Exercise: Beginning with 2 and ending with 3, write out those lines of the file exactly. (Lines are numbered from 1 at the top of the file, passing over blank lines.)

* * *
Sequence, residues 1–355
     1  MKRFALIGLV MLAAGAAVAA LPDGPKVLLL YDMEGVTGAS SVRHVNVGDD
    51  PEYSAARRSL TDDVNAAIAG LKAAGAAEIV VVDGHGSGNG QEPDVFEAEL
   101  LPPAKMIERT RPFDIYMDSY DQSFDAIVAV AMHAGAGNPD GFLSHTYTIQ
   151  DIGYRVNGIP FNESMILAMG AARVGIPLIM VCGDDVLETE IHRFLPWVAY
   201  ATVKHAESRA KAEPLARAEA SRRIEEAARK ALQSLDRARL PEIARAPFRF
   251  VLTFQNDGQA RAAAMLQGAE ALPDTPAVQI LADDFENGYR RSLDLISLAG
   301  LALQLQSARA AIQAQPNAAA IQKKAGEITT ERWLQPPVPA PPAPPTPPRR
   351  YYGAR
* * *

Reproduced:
     1  MKRFALIGLV MLAAGAAVAA LPDGPKVLLL YDMEGVTGAS SVRHVNVGDD
    51  PEYSAARRSL TDDVNAAIAG LKAAGAAEIV VVDGHGSGNG QEPDVFEAEL